The Rest


Renault’s avowed 2019 target is to close the lap time deficit to the big three Mercedes/Ferrari/Red Bull while pulling away from the ‘Class B’ group behind. But that’s far from a given. Renault’s customer partner, for example, is McLaren. Not the force it once was, it retains formidable resource and is looking to bounce back from a deeply disappointing 2018 when an aerodynamic flaw was built into the car. It took half of last season for this to be identified but the hard points of the car’s design did not really allow a correction to be implemented. An interim technical team pending the arrival – probably in Bahrain – of new technical director James Key has overseen the MCL34, a neat-looking car that should regain some competitive respectability. It’s a team in a state of transition in terms of personnel – as joining Key will be the new racing director Andreas Seidl from Porsche, who will be effectively running the show from the Spanish Grand Prix onwards.

With heavy investment from the Fiat Chrysler group, Sauber has been fully rebranded as Alfa Romeo, with lots of co-operation from Scuderia Ferrari. The Alfa Romeo C38 is a highly original-looking device that, in the hands of veteran Kimi Räikkönen and almost-rookie Antonio Giovinazzi, has showed a promising turn of speed in testing. The team has a gifted technical group, a great wind tunnel and, in Frédéric Vasseur, a supremely able team boss.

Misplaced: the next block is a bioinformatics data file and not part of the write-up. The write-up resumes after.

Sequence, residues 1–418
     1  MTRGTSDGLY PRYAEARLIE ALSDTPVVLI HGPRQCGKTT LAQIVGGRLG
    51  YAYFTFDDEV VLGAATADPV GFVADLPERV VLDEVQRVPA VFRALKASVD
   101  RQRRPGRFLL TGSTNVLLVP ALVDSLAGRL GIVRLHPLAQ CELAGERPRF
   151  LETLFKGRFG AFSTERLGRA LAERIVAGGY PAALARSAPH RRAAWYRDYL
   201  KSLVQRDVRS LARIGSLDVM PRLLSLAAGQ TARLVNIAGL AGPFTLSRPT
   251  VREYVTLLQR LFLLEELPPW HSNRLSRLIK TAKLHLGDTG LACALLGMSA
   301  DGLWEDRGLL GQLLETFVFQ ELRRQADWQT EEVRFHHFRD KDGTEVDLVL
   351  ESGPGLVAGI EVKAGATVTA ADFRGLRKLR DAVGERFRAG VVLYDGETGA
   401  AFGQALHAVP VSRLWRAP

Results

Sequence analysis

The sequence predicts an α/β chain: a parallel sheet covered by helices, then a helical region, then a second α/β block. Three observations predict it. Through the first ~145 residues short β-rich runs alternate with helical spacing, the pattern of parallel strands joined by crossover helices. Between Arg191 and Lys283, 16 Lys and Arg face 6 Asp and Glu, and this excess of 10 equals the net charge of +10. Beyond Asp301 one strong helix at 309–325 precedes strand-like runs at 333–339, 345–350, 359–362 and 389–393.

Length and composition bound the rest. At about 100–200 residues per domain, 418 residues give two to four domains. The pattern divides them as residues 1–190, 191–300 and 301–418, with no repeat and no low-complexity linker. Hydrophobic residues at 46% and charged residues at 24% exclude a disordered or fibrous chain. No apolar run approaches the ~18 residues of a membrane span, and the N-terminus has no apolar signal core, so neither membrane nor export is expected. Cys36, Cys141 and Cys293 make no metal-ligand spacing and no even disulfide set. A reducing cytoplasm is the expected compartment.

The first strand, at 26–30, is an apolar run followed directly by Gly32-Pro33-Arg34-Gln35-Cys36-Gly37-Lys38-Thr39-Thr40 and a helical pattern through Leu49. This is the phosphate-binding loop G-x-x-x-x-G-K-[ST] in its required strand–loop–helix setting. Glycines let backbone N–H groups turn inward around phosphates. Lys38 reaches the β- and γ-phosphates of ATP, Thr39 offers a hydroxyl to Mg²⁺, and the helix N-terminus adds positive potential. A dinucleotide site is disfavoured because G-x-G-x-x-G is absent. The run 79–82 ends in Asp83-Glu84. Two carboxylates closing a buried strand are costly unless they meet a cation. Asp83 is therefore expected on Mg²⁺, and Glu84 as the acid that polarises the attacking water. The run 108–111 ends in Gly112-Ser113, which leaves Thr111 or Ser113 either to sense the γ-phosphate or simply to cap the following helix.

Haas continues to operate its unique team model, with the help of Ferrari and Dallara, and last year produced probably the fastest car outside of the ‘Big 3’. It’s going to be tough to maintain such status given Renault’s heavy investment – but it has surprised before.

Racing Point (formerly Force India) no longer has to worry about where the next wing flap is coming from, given that it’s now properly financed thanks to Lawrence Stroll. The Andy Green-led technical group has worked miracles for years on very little. What can it do once released from penury?

Toro Rosso, as Red Bull’s junior team, has shown variable form over the years but should benefit from greater integration with the parent team, now that both are powered by Honda.

Williams got off to a difficult start with the late completion of its FW42, the car with which Robert Kubica is making his comeback. He’s faced tougher challenges than this, but…

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